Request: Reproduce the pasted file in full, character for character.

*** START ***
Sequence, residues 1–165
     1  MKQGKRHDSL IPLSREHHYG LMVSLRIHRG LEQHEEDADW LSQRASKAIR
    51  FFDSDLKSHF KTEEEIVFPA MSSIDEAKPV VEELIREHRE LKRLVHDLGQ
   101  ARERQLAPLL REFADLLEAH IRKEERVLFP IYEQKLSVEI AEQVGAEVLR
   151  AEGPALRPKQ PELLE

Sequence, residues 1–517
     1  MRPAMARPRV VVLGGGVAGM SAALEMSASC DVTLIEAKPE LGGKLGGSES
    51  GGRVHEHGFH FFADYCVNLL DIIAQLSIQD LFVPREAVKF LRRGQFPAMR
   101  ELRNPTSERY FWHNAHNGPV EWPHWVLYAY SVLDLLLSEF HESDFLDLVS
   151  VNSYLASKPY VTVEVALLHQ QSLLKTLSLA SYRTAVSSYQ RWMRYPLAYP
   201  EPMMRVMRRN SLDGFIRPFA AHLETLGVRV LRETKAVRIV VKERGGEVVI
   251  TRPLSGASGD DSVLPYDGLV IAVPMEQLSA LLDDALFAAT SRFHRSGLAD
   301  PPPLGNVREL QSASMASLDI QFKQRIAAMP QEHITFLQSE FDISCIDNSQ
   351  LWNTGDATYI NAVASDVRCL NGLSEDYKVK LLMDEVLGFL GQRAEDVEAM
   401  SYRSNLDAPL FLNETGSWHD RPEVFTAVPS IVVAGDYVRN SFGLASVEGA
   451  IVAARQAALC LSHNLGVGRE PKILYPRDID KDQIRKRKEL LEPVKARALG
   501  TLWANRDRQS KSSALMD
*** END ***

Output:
Sequence, residues 1–165
     1  MKQGKRHDSL IPLSREHHYG LMVSLRIHRG LEQHEEDADW LSQRASKAIR
    51  FFDSDLKSHF KTEEEIVFPA MSSIDEAKPV VEELIREHRE LKRLVHDLGQ
   101  ARERQLAPLL REFADLLEAH IRKEERVLFP IYEQKLSVEI AEQVGAEVLR
   151  AEGPALRPKQ PELLE

Sequence, residues 1–517
     1  MRPAMARPRV VVLGGGVAGM SAALEMSASC DVTLIEAKPE LGGKLGGSES
    51  GGRVHEHGFH FFADYCVNLL DIIAQLSIQD LFVPREAVKF LRRGQFPAMR
   101  ELRNPTSERY FWHNAHNGPV EWPHWVLYAY SVLDLLLSEF HESDFLDLVS
   151  VNSYLASKPY VTVEVALLHQ QSLLKTLSLA SYRTAVSSYQ RWMRYPLAYP
   201  EPMMRVMRRN SLDGFIRPFA AHLETLGVRV LRETKAVRIV VKERGGEVVI
   251  TRPLSGASGD DSVLPYDGLV IAVPMEQLSA LLDDALFAAT SRFHRSGLAD
   301  PPPLGNVREL QSASMASLDI QFKQRIAAMP QEHITFLQSE FDISCIDNSQ
   351  LWNTGDATYI NAVASDVRCL NGLSEDYKVK LLMDEVLGFL GQRAEDVEAM
   401  SYRSNLDAPL FLNETGSWHD RPEVFTAVPS IVVAGDYVRN SFGLASVEGA
   451  IVAARQAALC LSHNLGVGRE PKILYPRDID KDQIRKRKEL LEPVKARALG
   501  TLWANRDRQS KSSALMD